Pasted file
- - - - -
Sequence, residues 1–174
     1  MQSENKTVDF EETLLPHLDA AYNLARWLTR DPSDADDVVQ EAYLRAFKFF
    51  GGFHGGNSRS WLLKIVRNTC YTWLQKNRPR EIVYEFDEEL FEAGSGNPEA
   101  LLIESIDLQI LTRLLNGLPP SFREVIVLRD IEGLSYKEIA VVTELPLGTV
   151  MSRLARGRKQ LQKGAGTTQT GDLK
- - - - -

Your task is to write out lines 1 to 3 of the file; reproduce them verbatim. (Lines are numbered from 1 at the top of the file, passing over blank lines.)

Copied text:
Sequence, residues 1–174
     1  MQSENKTVDF EETLLPHLDA AYNLARWLTR DPSDADDVVQ EAYLRAFKFF
    51  GGFHGGNSRS WLLKIVRNTC YTWLQKNRPR EIVYEFDEEL FEAGSGNPEA